Following their 2-14 showing in 2012, the Kansas City Chiefs entered the offseason with a very pointed agenda to assure a repeat would not occur next season. From the top of the organization down, changes have been made as the entire league now shifts its focus towards the NFL draft.
Free agency is fundamental in adding impact players and depth at certain spots along the roster. The purpose of the draft, however, is to build the base for which entire franchises are constructed.
By virtue of a tiebreaker over the Jacksonville Jaguars, Kansas City owns the No. 1 overall pick and the opportunity to land one of its organizational building blocks.
Though it would have been ideal for a team that endured such poor play under center last season to select the best signal-caller the collegiate game has to offer, this year’s crop fails to possess your typical franchise quarterback—someone the Chiefs could lean on from day one.
Instead, Kansas City addressed its quarterback woes by landing Alex Smith in a trade with the San Francisco 49ers and by signing former New Orleans Saint and Drew Brees' backup, Chase Daniel, to a free-agent contract.
While not widely popular—based on the Chiefs’ history of retread quarterbacks—this particular approach was best considering that any other move would have been a reach.
Other than quarterback, the Chiefs had a handful of key decisions to make in advance of the 2013 season; Branden Albert’s future in Kansas City possibly being the most important.
Drafted in the first round back in 2008, Albert has helped anchor the Chiefs’ offensive line while providing the franchise with a stable option at one of the most important positions on the field: left tackle.
Albert was in the midst of his best season as pro in 2012—allowing one sack, mitigating penalties and making an improvement in his run blocking. A back injury limited him to only 13 games (11 starts), however, which could be the source of Kansas City's concern in investing another long-term deal on the left tackle.
The Chiefs ultimately placed the franchise tag on Albert, which he signed this past week (via USA Today). He will receive a base salary of just over $9.8 million in 2013.
The franchise tag serves many purposes, but in the case of Albert it appears it was utilized so the Chiefs could buy more time to find a trade partner.
Peter King of Sports Illustrated reported that Kansas City will indeed listen to trade offers for Albert. And ESPN's Adam Schefter outlines what exactly the Chiefs are seeking in return.
Adam Schefter @AdamSchefter
Chiefs are seeking a second-round pick in this year's draft as well as another pick in 2014 in a trade for franchise OT Branden Albert.2013-3-22 15:25:01
After signing right tackle Eric Winston to a five-year deal last offseason, Kansas City seemed set at the tackle position for at least the 2013 season. Instead, Winston was released and the need to shore up the offensive line is suddenly now the Chiefs' most glaring need regardless of Albert's future with the team.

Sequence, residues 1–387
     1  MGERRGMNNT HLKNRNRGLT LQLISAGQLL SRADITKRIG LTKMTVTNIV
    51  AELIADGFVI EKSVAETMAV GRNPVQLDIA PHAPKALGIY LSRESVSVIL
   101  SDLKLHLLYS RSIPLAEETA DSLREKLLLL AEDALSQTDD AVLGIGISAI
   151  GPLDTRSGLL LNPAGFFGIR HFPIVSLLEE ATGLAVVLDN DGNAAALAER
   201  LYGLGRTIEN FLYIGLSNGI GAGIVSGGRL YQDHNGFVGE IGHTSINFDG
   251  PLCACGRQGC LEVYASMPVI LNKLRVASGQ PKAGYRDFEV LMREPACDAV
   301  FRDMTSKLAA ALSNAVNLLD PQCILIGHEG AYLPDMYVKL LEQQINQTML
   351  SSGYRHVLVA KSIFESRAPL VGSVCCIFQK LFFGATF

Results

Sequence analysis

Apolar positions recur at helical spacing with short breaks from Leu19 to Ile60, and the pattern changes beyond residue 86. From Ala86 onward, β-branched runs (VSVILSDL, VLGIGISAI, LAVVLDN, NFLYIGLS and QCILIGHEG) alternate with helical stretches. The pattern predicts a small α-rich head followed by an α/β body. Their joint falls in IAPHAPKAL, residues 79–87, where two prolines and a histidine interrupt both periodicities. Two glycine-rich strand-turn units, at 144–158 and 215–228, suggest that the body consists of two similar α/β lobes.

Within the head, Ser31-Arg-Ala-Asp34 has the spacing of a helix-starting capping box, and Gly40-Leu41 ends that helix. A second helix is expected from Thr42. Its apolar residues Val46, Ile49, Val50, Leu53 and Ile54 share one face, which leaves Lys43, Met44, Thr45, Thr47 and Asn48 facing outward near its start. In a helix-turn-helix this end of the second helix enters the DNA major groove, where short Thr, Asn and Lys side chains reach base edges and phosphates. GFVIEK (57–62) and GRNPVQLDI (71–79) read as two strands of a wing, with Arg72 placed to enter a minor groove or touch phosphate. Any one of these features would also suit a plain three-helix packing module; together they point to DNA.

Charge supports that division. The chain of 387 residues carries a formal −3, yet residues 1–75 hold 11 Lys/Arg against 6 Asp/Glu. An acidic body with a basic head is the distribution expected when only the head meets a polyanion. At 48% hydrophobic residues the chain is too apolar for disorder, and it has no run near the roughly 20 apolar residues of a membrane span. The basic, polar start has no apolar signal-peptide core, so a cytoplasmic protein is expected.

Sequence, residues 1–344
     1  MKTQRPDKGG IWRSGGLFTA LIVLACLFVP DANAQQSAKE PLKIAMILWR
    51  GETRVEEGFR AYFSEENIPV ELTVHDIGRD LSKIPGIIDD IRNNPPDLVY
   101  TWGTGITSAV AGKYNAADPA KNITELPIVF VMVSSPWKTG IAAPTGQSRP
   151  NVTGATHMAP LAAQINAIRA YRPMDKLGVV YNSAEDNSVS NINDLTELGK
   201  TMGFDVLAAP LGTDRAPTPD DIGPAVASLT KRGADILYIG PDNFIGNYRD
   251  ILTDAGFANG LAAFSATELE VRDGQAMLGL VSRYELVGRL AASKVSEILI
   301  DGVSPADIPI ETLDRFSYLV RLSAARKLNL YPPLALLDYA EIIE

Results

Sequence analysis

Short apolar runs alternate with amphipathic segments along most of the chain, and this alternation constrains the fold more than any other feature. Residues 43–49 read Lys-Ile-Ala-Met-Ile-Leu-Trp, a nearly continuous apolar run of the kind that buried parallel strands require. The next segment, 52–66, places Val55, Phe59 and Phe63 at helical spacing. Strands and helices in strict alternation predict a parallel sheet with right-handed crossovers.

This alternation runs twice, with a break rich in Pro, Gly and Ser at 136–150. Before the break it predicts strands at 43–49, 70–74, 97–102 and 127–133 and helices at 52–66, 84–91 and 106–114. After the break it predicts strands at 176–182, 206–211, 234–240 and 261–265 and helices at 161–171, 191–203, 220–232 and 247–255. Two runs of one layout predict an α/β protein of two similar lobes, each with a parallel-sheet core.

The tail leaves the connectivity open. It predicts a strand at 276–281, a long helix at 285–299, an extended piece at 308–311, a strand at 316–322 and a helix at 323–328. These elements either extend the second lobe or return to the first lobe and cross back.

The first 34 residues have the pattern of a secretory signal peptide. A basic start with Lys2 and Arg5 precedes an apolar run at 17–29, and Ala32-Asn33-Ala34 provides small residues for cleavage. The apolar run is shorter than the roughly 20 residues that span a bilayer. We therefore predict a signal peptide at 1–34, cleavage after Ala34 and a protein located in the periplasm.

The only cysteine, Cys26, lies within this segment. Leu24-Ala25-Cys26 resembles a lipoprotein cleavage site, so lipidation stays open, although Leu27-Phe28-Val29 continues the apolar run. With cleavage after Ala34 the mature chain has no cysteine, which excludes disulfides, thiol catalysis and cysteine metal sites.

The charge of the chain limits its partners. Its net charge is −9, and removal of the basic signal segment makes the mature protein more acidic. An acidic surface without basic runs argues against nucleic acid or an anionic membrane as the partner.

Luckily for Kansas City, this year's draft has plenty of options at the offensive tackle position, as Luke Joeckel, Eric Fisher and Lane Johnson headline the group. And the Chiefs are making it clear this is the direction they plan to go with the top pick.
Kansas City has worked out all three of the top left tackle options available (via NFL.com and Schefter). As the draft approaches, however, the Chiefs will have to narrow their choice down to who they see as the player who will make the most immediate impact.
According to Bleacher Report's Matt Miller, Joeckel is the team's best option here.
Miller notes that every move the Chiefs have made this offseason points to the team using the top pick on an offensive tackle.
Miller had this to say of Joeckel's prospects as a pro:
Joeckel is a one-of-a-kind left tackle with rare quickness and pass pro sets coming out of college. He's as NFL-ready in the passing game as any tackle I've seen in my time covering the draft. Anyone who has watched an Andy Reid offense knows he loves to throw the ball early and often, making Joeckel an ideal fit as his left tackle.
There have been three left tackles selected with the No. 1 overall pick: Ron Yary (1968, Minnesota Vikings), Orlando Pace (1997, St. Louis Rams) and Jake Long (2008, Miami Dolphins). And their track records have been very impressive.
It appears Joeckel could be the fourth player on this short list. And if he follows suit, the Chiefs' gamble with their offensive line this offseason will have paid off.
Albert would obviously prefer to stay at left tackle for financial reasons, if not to keep his pride in tact. But Kansas City must do what is best for the long-term stability of the organization.
If trading Albert is the way to go, finding the best deal possible should be tops on Kansas City's to-do list. The Chiefs could also hope that the five-year veteran is willing to do whatever it takes to help this team field the most competitive roster possible in 2013 and make a position switch.
Regardless of Albert's future in Kansas City, however, all signs point to Joeckel protecting Alex Smith's blindside next season.
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